Home safety and security; helping to prevent burglaries through diligence and taking security steps and staying safe through good practices and professional assistance.
Assessing and taking steps to improve your home security and safety
Protecting against intruders such as burglars and keeping safe in and around the home are two key priorities. In both cases being diligent and adhering to basic procedures will keep you secure and safe along with some possible investment in appropriate equipment.
While burglaries are declining according to government statistics, with just 2% of the country’s 25 million homes being broken into each year, it still means around 500,000 households suffer the trauma and considerable inconvenience of being burgled.
As for safety, according to RoSPA (Royal Society for the Protection of Accidents) some 6,000 million people are killed in home accidents with around 2.7 million finding themselves visiting accident and emergency departments for help with injuries sustained at home.
What can be done?
Various measures can be taken to help your home avoid the attentions of would-be intruders. Most are opportunists so the harder you make it for them the less likely they are to attempt a break in:
Doors and windows – first of all, ensure doors and certainly downstairs windows are locked at all times when you’re out and preferably when you’re in, too – especially if you’re, say, out in the garden or similar. Double lock all UPVC doors by lifting the handle and turning the key.
Ensure good quality doors are fitted with a five point locking mechanism and windows have locks fitted.
If you’re unsure if your present locks are up to modern security standards then seek the services of a local professional such as this locksmith in Essex.
CCTV and lighting – considered a key deterrent by burglars yet few homes have either fitted – much less both. A CCTV system and motion activated lighting are very worthwhile investments.
Burglar alarm – a definite deterrent although a dummy alarm cover won’t fool many burglars.
General security procedures – adhere to the following:
- Don’t hide keys – leaving them under plant pots or similar is asking for trouble
- Accessible tools – burglars prefer to use implements they find near the property to help them again access so don’t leave tools and ladders lying around, or even in an unlocked shed
- Tidy garden – don’t let hedges and shrubs become overgrown so concealing your home from the back and front thus impairing natural surveillance
- Valuables on display – don’t offer temptation by leaving valuables clearly visible though ground floor windows
- Storing valuables – use a safe or even a bank vault
When you’re away – take the following steps:
- Help from neighbours – let your neighbours know when you’re away and ask them to keep an eye on your home and push through any mail, flyers or free newspapers left sticking out of your letterbox. Invite them to park a car on your drive while you’re away
- Timers – set timers to switch lights on and off
- Gardening – preferably arrange to have the lawn mown so as not to offer a clue your home is unoccupied
- Mail handling – use the Royal Mail’s ‘keepsafe’ service; they’ll retain your mail for up to two months while you’re away so avoiding the ‘carpet of mail’ in your hallway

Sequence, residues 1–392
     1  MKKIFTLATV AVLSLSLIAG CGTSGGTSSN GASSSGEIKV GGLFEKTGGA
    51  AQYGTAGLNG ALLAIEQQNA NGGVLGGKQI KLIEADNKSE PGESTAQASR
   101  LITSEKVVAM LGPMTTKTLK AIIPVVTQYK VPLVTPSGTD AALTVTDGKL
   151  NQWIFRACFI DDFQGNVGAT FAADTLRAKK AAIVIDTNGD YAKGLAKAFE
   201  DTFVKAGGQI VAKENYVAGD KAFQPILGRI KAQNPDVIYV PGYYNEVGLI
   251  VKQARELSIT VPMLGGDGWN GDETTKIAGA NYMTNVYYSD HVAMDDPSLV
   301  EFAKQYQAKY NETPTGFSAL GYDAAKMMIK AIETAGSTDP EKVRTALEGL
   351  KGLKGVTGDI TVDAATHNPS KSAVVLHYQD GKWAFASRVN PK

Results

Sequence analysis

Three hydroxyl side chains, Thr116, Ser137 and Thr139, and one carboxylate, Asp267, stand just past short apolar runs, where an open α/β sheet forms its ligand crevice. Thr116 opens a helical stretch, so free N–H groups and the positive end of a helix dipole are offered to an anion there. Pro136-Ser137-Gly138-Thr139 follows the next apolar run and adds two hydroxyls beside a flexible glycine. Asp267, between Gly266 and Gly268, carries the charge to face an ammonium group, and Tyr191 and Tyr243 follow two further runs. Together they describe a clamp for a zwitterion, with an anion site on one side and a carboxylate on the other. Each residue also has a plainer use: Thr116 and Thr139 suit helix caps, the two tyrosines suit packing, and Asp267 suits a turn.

- Social media – announcing you’re off to Australia for a month on Facebook can be useful information to a would be burglar
In order to stay safe in the home and avoid becoming one of the RoSPA statistics mentioned earlier, consider the following:
Electrical – many incidents stem from either the misuse of equipment and appliances or the use of damaged ones – for example, using something with a frayed cable.
- System – if you notice any issues with your electrics such as sparks, lighting periodically dimming, or regular tripping of the main trip switch, then ask a qualified electrician to assess and inspect your electrical system
- Appliances – any appliance with a frayed cable or that causes the mains to trip should not be used
- Trip switches – always use a trip switch with items such as lawn mowers and other electrical garden machinery; this will cut the power immediately in emergencies such as the cable being severed by the mower blade
Gas – if you’re on mains gas, then various certain safety precautions are important:
Inspections and servicing – your boiler and related gas equipment and appliances should be inspected at least annually by a Gas Safe registered plumber or heating engineer.
If you’re in rented property your landlord is obliged to ensure this happens.
Warnings and monitoring – a carbon monoxide (CO) detector should be fitted near the boiler and checked regularly; replace batteries immediately if required.
Fire prevention – as above ensure electrical items work properly and are in good condition; ensure smoke alarms are fitted on each level and work properly and replace batteries immediately.
Ensure escape areas such as hallways are clear and well lit; replace bulbs when necessary and don’t let clutter build up – it’ll help fires spread and act as an obstacle for you and your family’s safe exit from the property.
Ask yourself how easy it is to safely and quickly exit your property. Keep hallways clear and declutter often – don’t forget outside; garden paths should be kept clear with tools, ladders and other trip hazards not left lying around.
General maintenance – check there’s nothing that could cause an accident in and around the home; something as simple as a loose carpet tile or nail sticking proud of a floorboard could cause an unpleasant trip or cut respectively.
Keep safe and secure
Much of what you do to stay safe and secure in your home is basic procedures and common sense, but do seek help from experts such as locksmiths, qualified Gas Safe engineers and reputable electricians when necessary.